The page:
Indeed, there are times when a cushy bolster, a stack of blankets or a well-placed foam block hastens us off to yoga heaven. In other cases, such as height under your shoulders in shoulderstand, the props are there for safety… But most often, Iyengar yoga uses props for clarity, not comfort. Sometimes it’s the clarity provided by correct alignment. Sometimes a prop makes things clear by providing resistance to work against. – Eve Johnson

  • Blocks, Blankets, Straps, Wall, Balls, Eye Pillows, Other – Consider any tools at your disposal for adapting poses to different conditions, encouraging specific actions of a pose & supporting restorative postures

Partnering

  • Give students an opportunity to feel support, connection, fun, variety and/or deepening of a pose.

Touch or Hands-On Adjustments

  • Assist to make the pose safer, such as aligning sacrum in Parsvottanasana.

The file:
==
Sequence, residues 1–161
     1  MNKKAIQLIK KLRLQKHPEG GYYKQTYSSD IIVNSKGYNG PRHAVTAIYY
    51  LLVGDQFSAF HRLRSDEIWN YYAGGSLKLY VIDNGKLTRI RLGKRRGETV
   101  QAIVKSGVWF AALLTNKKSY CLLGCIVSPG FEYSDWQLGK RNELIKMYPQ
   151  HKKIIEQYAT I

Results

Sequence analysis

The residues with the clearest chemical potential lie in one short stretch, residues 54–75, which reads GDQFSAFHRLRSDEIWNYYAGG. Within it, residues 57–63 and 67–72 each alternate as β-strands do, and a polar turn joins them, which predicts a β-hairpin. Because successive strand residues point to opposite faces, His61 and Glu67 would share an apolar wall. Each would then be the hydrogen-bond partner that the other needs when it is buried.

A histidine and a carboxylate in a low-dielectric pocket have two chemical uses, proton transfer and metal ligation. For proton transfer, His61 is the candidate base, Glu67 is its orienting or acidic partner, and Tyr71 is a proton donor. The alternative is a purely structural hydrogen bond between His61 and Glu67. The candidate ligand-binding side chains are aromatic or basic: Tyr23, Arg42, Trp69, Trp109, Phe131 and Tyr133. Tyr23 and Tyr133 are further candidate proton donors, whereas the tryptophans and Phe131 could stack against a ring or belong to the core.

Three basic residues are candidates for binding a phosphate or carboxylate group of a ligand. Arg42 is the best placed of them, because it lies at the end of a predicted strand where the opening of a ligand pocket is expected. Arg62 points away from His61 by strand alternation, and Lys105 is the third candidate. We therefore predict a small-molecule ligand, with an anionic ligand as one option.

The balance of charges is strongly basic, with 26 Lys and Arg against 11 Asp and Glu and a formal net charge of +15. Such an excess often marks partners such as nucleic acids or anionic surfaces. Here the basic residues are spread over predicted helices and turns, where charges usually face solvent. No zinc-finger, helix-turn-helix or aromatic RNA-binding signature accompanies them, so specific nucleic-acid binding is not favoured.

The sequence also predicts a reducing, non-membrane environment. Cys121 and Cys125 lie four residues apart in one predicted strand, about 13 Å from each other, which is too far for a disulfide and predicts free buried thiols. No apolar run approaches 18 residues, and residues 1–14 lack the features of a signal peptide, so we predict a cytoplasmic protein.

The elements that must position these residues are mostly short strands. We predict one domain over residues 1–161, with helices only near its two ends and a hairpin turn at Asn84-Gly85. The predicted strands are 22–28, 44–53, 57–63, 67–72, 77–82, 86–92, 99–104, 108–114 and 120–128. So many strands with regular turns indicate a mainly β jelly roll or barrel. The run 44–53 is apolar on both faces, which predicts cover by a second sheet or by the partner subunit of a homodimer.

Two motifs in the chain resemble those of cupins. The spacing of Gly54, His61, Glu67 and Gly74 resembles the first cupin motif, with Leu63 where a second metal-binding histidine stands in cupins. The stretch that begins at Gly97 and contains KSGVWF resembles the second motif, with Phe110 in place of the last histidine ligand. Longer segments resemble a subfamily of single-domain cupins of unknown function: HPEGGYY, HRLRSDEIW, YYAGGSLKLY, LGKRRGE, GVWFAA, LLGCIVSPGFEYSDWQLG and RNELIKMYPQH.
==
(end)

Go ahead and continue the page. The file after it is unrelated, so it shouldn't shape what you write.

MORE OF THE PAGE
• Assist to communicate information such as the flow of energy from fingertips in Virabhadrasana II .
  • Assist to guide a deepening such as increasing hip crease & arm reach in Exalted Warrior.
  • Provide touch to release tension or convey support such as a foot or head massage in Savasana.

Mudras

  • Teach hand or whole body mudras.
  • Mudras

Pranayama & Breathing Practices

Basic Breath Training

  • Provide instruction for such fundamentals as breathing through the nose and allowing torso to move.
  • Explain signs of reverse breathing and chest breathing and the consequences of such practices.
  • Use tools and cues to bring students’ awareness to the breath during a particular inquiry time such as in opening centering and/or throughout class.
  • Teach such gentle practices as three-part breath or gently extending the length of the breath to help awaken and maintain awareness.
  • Associate movement of any part of body with an inhale or exhale.

Pranayama Techniques

  • Teach seated or supine pranayama.
  • Offer practices during asana such as Kapalabhati while in Navasana or Viloma Pranayama with pause in a flowing posture such as flowing Bridge. Pranayama & The Breath Hub

Meditation & Related Tools